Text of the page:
Federal lawsuit targets ‘gerrymandered’ Georgia House districts

Credit: Bob Andres

Credit: Bob Andres

A Washington-based advocacy group asked a federal judge Wednesday to toss out a 2015 map that was designed to protect two vulnerable lawmakers, contending in a motion that records show minority voters were moved out of the districts to protect incumbents.

The Lawyers' Committee for Civil Rights Under Law claims the districts of Reps. Joyce Chandler, R-Grayson, and Brian Strickland, R-McDonough, were redrawn in 2015 to increase the percentage of white voters. Strickland has since won a state Senate election.

State officials have said the suit is without merit.

The motion seeks an expedited hearing on the case to give the federal court enough time to rule before the 2018 vote. Kristin Clarke, the group’s executive director, said Georgia was a “textbook example” of unlawful gerrymandering.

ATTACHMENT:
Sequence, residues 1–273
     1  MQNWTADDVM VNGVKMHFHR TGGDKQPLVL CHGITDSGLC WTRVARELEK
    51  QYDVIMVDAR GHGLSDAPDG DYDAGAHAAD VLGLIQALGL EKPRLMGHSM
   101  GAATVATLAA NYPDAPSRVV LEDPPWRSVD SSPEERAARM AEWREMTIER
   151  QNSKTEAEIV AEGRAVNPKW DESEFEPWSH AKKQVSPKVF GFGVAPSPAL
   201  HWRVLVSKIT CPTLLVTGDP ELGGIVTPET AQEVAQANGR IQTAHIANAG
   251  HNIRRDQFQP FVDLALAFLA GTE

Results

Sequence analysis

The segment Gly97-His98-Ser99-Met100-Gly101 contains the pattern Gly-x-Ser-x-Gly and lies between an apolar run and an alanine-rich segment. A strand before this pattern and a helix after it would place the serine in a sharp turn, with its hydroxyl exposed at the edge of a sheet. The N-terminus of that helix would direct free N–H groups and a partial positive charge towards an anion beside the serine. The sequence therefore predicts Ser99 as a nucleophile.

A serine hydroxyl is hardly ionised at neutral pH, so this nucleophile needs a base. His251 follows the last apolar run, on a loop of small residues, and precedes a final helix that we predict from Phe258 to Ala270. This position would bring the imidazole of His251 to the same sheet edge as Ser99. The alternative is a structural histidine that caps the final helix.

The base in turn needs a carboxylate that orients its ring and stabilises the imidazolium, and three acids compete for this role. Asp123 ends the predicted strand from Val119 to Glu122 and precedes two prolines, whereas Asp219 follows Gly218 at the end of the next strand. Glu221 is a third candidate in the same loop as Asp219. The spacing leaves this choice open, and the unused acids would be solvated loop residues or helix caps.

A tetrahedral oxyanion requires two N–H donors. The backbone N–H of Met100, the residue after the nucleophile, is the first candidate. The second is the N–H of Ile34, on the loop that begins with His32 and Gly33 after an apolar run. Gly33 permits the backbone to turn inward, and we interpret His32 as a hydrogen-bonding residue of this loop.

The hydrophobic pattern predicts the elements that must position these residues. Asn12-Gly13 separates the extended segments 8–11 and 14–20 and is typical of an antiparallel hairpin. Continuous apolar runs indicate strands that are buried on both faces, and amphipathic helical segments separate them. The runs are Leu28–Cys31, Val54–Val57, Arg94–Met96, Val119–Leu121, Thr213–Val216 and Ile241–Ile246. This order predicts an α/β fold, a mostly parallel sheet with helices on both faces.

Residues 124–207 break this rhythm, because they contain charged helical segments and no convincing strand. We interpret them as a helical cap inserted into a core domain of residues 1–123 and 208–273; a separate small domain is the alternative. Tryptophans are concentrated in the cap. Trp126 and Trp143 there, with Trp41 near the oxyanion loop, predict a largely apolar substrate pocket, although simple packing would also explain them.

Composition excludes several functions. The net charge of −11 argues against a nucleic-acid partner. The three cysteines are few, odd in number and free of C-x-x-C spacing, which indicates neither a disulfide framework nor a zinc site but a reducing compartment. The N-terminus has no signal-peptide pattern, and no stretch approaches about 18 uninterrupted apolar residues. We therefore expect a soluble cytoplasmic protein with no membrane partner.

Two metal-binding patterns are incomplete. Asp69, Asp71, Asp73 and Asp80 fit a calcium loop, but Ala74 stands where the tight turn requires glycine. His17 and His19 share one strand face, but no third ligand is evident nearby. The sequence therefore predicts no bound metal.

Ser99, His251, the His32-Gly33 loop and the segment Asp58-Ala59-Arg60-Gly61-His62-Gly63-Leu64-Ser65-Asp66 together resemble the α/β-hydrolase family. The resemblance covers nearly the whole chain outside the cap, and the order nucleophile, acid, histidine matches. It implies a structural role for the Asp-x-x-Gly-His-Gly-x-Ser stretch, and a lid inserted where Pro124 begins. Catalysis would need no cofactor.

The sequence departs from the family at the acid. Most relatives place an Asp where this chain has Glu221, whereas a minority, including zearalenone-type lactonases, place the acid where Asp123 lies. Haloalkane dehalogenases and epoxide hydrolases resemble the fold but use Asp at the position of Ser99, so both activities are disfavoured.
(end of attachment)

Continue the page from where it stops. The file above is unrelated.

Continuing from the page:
“Our action seeks to fight back against the unlawful actions of Georgia legislators who have put their thumb on the scale of democracy at the expense of minority voters,” she said.

Georgia lawmakers in 2015 passed a measure that adjusted the lines of 17 districts, including Chandler’s seat and Strickland’s seat. Those two districts were among the most competitive in the 180-member House, and the lawsuit claims they were redrawn to sap minority voting power.

The motion includes dozens of pages of documents that the group said shows lawmakers used “racial data as a proxy for political affiliation” to pinpoint how many black voters it needed to shift.